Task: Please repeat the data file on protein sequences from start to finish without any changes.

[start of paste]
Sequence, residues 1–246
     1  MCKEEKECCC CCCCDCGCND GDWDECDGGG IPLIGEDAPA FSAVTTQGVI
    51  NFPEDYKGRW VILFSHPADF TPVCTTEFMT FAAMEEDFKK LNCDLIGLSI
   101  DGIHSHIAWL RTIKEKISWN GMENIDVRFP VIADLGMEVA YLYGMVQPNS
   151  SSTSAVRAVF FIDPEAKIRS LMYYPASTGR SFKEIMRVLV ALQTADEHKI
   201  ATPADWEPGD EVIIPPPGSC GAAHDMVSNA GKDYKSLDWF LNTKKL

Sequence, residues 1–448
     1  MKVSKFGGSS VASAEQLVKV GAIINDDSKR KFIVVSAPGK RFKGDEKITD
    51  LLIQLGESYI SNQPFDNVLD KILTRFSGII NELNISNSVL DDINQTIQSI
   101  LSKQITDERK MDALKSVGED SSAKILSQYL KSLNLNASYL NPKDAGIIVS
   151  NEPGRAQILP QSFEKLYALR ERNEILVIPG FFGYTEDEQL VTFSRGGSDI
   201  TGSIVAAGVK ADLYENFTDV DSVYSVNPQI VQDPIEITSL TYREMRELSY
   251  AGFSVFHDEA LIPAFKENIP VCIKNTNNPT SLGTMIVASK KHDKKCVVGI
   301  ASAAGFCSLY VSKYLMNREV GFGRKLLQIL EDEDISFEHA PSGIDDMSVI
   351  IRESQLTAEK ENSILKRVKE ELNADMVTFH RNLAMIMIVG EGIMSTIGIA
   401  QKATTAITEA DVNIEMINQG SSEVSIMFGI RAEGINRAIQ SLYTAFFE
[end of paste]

Sequence, residues 1–246
     1  MCKEEKECCC CCCCDCGCND GDWDECDGGG IPLIGEDAPA FSAVTTQGVI
    51  NFPEDYKGRW VILFSHPADF TPVCTTEFMT FAAMEEDFKK LNCDLIGLSI
   101  DGIHSHIAWL RTIKEKISWN GMENIDVRFP VIADLGMEVA YLYGMVQPNS
   151  SSTSAVRAVF FIDPEAKIRS LMYYPASTGR SFKEIMRVLV ALQTADEHKI
   201  ATPADWEPGD EVIIPPPGSC GAAHDMVSNA GKDYKSLDWF LNTKKL

Sequence, residues 1–448
     1  MKVSKFGGSS VASAEQLVKV GAIINDDSKR KFIVVSAPGK RFKGDEKITD
    51  LLIQLGESYI SNQPFDNVLD KILTRFSGII NELNISNSVL DDINQTIQSI
   101  LSKQITDERK MDALKSVGED SSAKILSQYL KSLNLNASYL NPKDAGIIVS
   151  NEPGRAQILP QSFEKLYALR ERNEILVIPG FFGYTEDEQL VTFSRGGSDI
   201  TGSIVAAGVK ADLYENFTDV DSVYSVNPQI VQDPIEITSL TYREMRELSY
   251  AGFSVFHDEA LIPAFKENIP VCIKNTNNPT SLGTMIVASK KHDKKCVVGI
   301  ASAAGFCSLY VSKYLMNREV GFGRKLLQIL EDEDISFEHA PSGIDDMSVI
   351  IRESQLTAEK ENSILKRVKE ELNADMVTFH RNLAMIMIVG EGIMSTIGIA
   401  QKATTAITEA DVNIEMINQG SSEVSIMFGI RAEGINRAIQ SLYTAFFE